Tuesday, August 11, 2009

Homes From Sold-Out Projects Back On Market

Source : The Business Times, August 07 2009

Speculators a minority as they shoot for small flipping gains

Some buyers who managed to lay their hands on units at projects sold out recently are trying to get lucky for the second time - by selling what they snapped up, for a profit.

This brings to mind the government's warning last week - that some element of speculation is back in the property market. Industry watchers say, however, that subsales are common for fully sold projects and speculation still remains mild.

Advertisements for subsales at Optima@Tanah Merah have surfaced in the last few days - with owners seeking prices which are at least 5 per cent more than what they paid.

This comes less than a week after all 297 units at the 99-year-leasehold project were taken up in just three days.

Developer TID sold the units at an average price of about $810 per square foot (psf). It had to conduct two rounds of balloting as home seekers descended upon the showflat in droves.

There are also offers for subsales at 8@Woodleigh. Frasers Centrepoint sold all 330 units at the 99-year-leasehold project over a few weeks in June.

According to industry watchers, sellers in the subsale market need to charge a premium of at least 5 per cent to break even. This would cover stamp duty, legal fees and any agent's commission. To earn more, some may set prices which are up to 10 per cent more than what they paid.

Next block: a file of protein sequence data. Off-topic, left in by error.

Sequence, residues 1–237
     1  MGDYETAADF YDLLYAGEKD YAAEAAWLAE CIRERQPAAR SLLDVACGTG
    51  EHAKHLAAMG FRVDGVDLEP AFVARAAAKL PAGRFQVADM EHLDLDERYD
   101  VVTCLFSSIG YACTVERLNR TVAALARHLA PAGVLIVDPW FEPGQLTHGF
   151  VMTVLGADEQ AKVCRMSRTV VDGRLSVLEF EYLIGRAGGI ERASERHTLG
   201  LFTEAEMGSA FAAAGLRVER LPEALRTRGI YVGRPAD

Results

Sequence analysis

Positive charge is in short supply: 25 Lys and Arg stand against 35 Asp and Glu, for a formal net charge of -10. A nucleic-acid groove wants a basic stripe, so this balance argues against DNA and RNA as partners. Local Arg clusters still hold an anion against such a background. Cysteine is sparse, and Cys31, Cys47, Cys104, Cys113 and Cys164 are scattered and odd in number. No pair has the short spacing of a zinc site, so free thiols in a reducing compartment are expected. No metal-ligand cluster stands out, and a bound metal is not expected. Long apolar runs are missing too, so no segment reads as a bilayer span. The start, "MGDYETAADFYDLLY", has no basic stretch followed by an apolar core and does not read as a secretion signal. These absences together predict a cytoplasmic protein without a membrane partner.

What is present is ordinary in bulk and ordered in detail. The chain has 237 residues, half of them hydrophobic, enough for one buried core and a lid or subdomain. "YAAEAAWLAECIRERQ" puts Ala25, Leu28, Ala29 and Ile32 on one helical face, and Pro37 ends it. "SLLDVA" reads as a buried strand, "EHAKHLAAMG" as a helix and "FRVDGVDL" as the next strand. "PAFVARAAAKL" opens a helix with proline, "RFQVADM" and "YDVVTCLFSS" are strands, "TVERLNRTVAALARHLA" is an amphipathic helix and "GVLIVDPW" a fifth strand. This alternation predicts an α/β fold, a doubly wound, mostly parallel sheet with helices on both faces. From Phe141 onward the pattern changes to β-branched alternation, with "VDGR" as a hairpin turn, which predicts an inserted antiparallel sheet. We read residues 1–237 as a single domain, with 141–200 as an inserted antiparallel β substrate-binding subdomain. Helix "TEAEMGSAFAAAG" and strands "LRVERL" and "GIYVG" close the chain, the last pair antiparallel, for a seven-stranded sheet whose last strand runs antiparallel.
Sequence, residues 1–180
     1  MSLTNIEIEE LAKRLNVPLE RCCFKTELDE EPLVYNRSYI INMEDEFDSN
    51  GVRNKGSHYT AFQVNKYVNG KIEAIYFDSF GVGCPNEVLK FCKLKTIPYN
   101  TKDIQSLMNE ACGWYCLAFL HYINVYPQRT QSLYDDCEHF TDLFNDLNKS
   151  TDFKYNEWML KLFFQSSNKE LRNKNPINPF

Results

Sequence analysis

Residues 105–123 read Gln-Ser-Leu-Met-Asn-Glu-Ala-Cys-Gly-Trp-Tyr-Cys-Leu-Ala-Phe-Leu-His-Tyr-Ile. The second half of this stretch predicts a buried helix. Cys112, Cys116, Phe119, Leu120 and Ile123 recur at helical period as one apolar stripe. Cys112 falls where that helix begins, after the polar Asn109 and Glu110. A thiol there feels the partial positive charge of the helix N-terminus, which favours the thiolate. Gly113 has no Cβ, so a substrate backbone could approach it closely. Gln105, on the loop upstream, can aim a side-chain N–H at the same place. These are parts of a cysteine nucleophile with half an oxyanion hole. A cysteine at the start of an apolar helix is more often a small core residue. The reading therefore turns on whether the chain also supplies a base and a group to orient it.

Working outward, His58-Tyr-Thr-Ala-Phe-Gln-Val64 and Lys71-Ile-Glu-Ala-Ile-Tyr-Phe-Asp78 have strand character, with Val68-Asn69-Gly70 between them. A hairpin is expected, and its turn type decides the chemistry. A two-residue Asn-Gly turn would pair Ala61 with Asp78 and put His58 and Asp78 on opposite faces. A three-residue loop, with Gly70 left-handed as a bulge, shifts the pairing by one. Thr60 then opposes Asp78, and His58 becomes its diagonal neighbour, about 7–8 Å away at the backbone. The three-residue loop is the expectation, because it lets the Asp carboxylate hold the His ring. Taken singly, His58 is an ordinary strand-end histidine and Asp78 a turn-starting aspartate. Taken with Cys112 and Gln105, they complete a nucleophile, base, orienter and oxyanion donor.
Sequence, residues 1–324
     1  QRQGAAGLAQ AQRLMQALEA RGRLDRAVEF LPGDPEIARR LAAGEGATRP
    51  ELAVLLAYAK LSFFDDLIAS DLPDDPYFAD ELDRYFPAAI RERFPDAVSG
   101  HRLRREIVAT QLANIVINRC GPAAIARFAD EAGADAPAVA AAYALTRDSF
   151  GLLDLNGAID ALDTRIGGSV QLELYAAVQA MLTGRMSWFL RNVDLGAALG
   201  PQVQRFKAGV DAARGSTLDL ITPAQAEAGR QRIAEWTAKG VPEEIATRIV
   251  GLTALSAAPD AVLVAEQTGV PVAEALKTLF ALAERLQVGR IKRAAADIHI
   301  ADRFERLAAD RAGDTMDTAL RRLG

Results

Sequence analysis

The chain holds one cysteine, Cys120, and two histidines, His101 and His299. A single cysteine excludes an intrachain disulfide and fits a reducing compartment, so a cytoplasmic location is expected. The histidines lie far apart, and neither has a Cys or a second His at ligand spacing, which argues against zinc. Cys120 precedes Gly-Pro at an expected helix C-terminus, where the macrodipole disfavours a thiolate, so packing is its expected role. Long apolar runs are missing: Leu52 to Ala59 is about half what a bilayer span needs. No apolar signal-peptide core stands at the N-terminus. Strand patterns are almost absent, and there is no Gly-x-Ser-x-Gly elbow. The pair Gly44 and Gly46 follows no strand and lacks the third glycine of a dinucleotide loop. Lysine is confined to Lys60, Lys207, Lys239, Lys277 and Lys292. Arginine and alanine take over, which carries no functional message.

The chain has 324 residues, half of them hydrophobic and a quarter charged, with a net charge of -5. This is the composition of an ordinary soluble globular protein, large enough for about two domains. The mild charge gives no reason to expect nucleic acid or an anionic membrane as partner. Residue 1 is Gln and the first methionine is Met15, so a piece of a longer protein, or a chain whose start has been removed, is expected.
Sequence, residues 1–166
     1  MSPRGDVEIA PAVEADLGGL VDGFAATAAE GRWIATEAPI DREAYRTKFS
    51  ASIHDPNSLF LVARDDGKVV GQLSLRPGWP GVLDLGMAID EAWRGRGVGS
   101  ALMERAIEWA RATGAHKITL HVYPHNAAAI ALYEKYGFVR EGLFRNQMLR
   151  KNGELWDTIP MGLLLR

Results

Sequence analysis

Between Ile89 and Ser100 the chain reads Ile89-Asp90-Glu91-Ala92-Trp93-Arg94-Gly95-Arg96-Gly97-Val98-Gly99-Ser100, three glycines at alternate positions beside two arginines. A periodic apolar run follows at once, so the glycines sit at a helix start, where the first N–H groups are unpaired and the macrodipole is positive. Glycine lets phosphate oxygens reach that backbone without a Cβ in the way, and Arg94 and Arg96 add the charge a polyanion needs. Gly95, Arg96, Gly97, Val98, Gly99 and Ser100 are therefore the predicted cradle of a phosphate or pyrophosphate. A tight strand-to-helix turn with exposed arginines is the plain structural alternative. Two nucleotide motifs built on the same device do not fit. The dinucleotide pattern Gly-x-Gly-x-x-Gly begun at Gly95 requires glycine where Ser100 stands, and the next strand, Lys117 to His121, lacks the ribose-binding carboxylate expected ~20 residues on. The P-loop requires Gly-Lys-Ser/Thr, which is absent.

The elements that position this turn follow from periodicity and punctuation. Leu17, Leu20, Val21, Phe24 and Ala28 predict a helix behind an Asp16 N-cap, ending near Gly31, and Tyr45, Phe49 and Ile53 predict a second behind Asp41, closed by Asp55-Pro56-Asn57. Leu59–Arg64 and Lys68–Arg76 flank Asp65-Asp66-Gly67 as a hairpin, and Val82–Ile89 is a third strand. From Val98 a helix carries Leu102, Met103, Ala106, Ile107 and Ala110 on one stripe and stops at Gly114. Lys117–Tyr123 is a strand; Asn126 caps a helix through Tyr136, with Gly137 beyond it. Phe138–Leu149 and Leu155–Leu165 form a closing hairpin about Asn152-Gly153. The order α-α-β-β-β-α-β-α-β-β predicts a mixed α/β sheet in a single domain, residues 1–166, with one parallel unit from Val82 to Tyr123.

But given the market today, those flipping properties would be glad to come out of the deal with $50,000 to $80,000, said ERA Asia Pacific associate director Eugene Lim.

He pointed out, though, that speculation today is 'not excessive'. Every new project will attract a small number of speculators but most buyers today are ready to keep and lease out the property, he explained.

It is when the project is sold out that these buyers may change their minds, he added. 'While some people buy with a medium-term view, because the project is sold out, it presents an opportunity for them to make a quick gain.'

Savills Residential director Phylicia Ang also believes that most buyers do not plan to 'flip' their properties initially. But she noted that if there is profit to be made, some are willing to hear out the offer and may sell later.

She also suggested that not all advertisements may be placed by owners - some property agents may take the initiative to promote units, test market interest and 'gather more leads'.

Both Mr Lim and Ms Ang highlighted that speculation is nowhere as feverish as it was some two years ago. According to Mr Lim, buyers in the subsale market today are more particular - probably looking out for specific units they could not get during the launch.

Rising optimism in the property market seems to be benefiting older projects as well. Casa Merah - which is near Optima and will receive Temporary Occupation Permit soon - has seen prices at its units rise in the last few months. While caveats lodged for units there in February reflected prices of $631-$665 psf, those in July showed prices of $699-$751 psf.

Meanwhile, new launches continue to do well. The 70-unit Airstream at St Michael's Road, for instance, was fully sold through balloting on Wednesday. Previews for Keppel Land's 56-unit Madison Residences have begun, while previews for Allgreen's Viva in Novena will start this weekend.

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